Picking up where we left off, Bert shows us how to create realistic chrome reflections in the trim of a headlight. He begins by sharing a classic technique using the Adobe Photoshop Spherize filter that still works today. His is a more modern process involving the Warp tool to bend images into the reflections around the light. He finishes by adding a few additional layers with reflections from other areas of the scene.
Posts Tagged ‘Chrome’
In this week’s free-to-all InDesign FX video, I show how you can use gradients to create different chrome effects. A shiny metallic chrome effect is a great demonstration of the powers of a simple gradient fill like this one:
I’ll show you how to use a linear gradient to create a convincing chrome look in any InDesign object or live text with as few as four color stops. There’s no need to invoke InDesign’s transparency effects at all. The key is to simply drag the gradient stops very close together, so they’re nearly touching, to create a point somewhere in the gradient where colors shift abruptly.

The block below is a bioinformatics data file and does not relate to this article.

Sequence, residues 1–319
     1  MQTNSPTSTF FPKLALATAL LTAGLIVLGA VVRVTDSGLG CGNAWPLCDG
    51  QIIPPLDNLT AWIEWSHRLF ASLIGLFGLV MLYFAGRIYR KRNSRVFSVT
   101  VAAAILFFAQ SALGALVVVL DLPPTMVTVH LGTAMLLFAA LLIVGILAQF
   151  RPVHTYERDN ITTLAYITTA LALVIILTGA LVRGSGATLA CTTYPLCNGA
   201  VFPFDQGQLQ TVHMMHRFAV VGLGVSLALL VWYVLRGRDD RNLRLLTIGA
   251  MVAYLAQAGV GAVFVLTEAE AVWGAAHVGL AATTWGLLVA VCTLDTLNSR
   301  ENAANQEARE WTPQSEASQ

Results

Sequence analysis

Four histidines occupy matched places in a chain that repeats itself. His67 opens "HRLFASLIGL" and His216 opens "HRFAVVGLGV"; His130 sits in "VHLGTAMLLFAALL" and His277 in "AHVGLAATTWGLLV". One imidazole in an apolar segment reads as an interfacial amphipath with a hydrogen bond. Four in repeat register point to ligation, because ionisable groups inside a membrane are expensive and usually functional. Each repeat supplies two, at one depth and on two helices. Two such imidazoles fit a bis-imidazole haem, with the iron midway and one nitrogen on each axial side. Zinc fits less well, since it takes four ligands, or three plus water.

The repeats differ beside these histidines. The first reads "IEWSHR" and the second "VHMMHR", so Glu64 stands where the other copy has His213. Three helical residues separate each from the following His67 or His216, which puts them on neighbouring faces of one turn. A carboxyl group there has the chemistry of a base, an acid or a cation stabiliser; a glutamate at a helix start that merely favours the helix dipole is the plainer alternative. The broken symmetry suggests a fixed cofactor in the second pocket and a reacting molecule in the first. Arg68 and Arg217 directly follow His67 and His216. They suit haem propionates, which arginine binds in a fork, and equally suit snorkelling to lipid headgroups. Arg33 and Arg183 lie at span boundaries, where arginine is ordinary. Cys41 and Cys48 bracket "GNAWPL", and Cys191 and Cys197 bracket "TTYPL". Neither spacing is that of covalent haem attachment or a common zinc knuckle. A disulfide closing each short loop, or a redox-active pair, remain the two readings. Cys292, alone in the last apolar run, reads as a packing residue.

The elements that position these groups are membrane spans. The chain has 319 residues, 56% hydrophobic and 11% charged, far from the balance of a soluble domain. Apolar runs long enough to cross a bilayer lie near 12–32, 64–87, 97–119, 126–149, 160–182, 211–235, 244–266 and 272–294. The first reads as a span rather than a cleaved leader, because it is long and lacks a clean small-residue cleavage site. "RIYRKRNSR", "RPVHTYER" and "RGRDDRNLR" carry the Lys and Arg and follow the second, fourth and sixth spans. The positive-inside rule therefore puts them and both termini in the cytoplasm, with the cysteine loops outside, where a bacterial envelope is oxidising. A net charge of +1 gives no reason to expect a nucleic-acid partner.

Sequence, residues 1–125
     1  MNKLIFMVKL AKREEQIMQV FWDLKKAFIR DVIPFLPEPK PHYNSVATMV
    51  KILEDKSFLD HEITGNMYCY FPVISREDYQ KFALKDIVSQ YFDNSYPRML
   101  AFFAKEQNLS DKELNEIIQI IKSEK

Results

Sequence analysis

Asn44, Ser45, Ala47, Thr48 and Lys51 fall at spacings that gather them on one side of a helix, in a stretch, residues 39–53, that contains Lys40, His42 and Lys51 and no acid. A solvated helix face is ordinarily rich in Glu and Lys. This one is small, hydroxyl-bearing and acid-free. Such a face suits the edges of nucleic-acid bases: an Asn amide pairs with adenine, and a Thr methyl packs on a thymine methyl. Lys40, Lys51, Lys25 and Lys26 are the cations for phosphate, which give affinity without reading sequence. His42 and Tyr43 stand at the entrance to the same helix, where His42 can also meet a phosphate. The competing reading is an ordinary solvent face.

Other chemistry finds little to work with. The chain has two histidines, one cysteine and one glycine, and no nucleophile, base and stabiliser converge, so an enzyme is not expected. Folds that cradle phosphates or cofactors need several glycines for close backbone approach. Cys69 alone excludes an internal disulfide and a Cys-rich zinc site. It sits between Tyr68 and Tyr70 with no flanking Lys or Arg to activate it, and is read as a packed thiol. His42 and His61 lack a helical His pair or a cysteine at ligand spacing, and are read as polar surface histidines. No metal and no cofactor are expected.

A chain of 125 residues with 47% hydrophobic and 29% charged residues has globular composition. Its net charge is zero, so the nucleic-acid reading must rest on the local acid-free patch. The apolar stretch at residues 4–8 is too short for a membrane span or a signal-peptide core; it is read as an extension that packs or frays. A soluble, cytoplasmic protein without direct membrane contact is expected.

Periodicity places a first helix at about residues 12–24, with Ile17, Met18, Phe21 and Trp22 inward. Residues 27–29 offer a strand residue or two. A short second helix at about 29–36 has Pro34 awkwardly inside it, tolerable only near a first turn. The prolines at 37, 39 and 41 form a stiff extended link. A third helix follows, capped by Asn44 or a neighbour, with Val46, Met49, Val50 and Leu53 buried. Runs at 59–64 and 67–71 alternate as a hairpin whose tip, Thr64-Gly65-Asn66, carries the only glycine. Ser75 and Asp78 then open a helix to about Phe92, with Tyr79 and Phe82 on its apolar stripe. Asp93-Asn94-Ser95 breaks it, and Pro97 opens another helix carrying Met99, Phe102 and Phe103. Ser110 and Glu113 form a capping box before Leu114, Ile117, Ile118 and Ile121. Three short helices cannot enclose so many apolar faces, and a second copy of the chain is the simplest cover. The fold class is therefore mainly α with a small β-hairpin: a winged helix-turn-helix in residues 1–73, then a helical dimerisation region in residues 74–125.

When gradient stops rub elbows, an abrupt change in color happens, and that is what creates the illusion of chrome. Most commonly chrome gradients include some blue to represent a reflection of the sky, and some brown or black to represent a reflection of the ground, but feel free to take this idea and run with it. Experiment with various tints and colors to make your own chrome gradients, and remember, you can click and drag with the Gradient tool to apply your chrome gradient over any length and at any angle of your choosing.
If learning chrome effects doesn’t satisfy your shiny-object wishes, I have another new video this week exclusively for members of the lynda.com Online Training Library® called Creating Glass and Plastic Effects. Here’s an example of the glass effect discussed in the member-exclusive course:
Happy shiny-object Holidays from InDesign FX. See you here again in two weeks!